The third point. Among other things, we are to conduct further investigations, possibly including those carried out in international courts, where the detailed report on condition of the returned ships will serve an important element of the juridical process. That is why our divers had to closely examine the underwater parts of the ships, film their discoveries and provide a detailed professional report on the state of equipment.

Hence, dear friends: the very transfer looks as a highly important event, a milestone. The divers engaged in it, had to possess professional skills in at least three fields. A submarine technician with good knowledge in structure of a ship who is able to carry out sufficient evaluation of a vessel’s condition including its hull and submerged parts of steering gear. An underwater sapper who is well-versed in explosives and able to identify even the most skillfully disguised trap. On top of that, he must be a good submarine engineer capable of drawing an accurate detailed report on the vessel’s condition and providing maximum objective expertise that will be later used as evidence in a court.


Let us conclude by saying that we are sincerely glad to know that the School of Military Divers’ volunteers have proven highly supportive in preparation of both units who participated in the transfer.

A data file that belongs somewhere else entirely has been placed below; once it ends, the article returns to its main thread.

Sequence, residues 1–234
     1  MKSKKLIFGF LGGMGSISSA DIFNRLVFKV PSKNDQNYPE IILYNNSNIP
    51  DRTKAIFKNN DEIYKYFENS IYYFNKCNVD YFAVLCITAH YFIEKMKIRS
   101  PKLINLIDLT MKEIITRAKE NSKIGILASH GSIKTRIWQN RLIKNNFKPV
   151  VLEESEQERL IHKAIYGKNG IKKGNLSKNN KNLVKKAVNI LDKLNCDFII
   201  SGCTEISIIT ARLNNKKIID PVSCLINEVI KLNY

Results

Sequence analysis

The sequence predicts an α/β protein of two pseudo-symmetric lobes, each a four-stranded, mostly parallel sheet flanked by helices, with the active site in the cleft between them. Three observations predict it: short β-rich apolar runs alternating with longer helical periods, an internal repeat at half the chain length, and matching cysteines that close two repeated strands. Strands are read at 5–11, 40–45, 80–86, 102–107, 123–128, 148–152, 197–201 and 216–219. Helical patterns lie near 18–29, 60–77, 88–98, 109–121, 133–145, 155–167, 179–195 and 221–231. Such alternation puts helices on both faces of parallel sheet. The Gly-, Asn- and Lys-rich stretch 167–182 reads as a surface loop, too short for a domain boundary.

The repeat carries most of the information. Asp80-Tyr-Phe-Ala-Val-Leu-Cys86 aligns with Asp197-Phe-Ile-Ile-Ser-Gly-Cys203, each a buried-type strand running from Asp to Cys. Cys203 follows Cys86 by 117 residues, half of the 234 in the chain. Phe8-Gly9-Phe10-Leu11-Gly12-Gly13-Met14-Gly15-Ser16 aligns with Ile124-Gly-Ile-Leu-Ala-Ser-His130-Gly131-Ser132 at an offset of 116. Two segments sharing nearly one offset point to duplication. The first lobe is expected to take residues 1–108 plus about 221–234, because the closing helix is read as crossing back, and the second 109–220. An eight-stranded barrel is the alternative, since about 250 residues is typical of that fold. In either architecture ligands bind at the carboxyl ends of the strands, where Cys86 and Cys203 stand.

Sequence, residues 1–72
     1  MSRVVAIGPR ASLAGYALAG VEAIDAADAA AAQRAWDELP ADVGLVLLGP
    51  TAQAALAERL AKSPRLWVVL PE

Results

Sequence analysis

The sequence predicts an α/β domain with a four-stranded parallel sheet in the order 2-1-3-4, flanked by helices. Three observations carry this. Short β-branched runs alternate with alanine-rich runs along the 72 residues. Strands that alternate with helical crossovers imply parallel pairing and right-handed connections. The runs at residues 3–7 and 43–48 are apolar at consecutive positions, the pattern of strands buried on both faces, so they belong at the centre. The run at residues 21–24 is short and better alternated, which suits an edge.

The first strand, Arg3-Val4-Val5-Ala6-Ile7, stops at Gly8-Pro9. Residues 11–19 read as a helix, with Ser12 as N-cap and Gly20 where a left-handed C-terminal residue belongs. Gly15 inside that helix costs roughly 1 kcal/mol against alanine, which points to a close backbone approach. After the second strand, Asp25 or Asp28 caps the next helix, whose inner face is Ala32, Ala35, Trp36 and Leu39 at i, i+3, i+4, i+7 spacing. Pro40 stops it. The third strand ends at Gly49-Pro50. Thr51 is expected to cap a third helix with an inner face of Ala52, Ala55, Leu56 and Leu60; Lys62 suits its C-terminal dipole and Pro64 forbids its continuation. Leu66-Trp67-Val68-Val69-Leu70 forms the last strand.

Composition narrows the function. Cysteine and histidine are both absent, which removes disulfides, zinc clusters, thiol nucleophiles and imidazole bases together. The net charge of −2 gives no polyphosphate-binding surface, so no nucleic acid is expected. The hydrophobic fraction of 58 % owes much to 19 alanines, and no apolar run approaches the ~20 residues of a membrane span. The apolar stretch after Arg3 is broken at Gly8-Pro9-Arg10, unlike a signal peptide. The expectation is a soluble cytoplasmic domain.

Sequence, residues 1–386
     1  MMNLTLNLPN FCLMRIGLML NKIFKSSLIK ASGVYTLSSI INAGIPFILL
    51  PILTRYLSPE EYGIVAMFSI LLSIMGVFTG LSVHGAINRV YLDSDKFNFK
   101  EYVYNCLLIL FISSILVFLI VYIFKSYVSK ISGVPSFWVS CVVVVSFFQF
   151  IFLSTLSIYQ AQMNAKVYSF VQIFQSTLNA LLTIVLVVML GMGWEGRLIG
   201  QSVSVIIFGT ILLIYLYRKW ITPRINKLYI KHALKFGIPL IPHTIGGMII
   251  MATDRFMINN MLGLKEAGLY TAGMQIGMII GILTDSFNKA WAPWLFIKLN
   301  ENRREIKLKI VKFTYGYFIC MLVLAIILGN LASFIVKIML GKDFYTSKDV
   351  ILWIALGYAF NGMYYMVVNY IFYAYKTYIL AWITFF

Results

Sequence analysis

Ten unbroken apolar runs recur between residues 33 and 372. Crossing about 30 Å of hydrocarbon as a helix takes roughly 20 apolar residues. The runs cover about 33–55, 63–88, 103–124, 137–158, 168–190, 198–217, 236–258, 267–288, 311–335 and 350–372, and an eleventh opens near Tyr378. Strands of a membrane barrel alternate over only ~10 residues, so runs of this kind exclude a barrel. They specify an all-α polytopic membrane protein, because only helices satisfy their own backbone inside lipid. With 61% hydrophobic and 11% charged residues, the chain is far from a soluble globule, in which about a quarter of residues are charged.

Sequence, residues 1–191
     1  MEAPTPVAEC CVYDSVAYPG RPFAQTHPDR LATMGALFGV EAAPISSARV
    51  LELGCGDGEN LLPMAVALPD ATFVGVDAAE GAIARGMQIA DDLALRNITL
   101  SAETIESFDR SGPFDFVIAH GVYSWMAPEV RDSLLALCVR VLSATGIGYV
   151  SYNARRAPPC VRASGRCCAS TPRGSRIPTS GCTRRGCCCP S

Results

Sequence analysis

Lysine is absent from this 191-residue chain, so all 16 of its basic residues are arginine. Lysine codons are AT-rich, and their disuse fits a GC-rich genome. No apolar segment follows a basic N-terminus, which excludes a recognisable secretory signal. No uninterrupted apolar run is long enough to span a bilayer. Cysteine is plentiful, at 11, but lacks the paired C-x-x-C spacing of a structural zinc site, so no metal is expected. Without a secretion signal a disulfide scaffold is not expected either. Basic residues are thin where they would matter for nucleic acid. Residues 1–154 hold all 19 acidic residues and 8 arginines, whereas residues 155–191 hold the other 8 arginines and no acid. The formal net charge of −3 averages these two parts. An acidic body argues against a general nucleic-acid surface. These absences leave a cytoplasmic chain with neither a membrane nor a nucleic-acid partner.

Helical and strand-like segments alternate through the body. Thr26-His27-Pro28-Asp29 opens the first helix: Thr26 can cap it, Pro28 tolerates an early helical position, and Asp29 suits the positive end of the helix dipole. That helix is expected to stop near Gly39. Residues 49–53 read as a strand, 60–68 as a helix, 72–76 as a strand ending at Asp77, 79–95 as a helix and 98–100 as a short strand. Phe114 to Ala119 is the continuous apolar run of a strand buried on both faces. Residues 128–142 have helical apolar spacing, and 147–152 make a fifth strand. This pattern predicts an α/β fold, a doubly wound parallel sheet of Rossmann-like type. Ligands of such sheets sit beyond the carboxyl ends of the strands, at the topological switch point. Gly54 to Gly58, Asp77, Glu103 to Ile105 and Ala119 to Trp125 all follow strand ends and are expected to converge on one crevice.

To summarize, we need to emphasize that the very profession of a military diver is vital in carrying out the variety of specific tasks. In the days of war, we do need our military divers desperately. And as soon as the state has started to support the diving school at last, not to seize our support is our duty. Within the corresponding project, we have been raising necessary funds; our friends and partners, the instructors of the School of Military Divers, have not only been training combat divers and  developing training programs, but also satisfying the Navy Diving School’s operative needs, often at their own expense. So, dear friends, please join in! The necessity of your support is obvious and indisputable as we have been investing in our own homeland’s security.

Photo credits: Dumskaia, Reuters, The Presidential Office press service, the Naval Forces of Ukraine and the divers themselves


Altogether on the project

School of Military Divers

388 people


390 543 UAH (14 132 USD)

of 380 000 UAH (13 750 USD) needed

102% raised

Updated 12.11.2019 at 18:03
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Project coordinator:

Konstantin Mirgorodsky

+380 99 303 71 86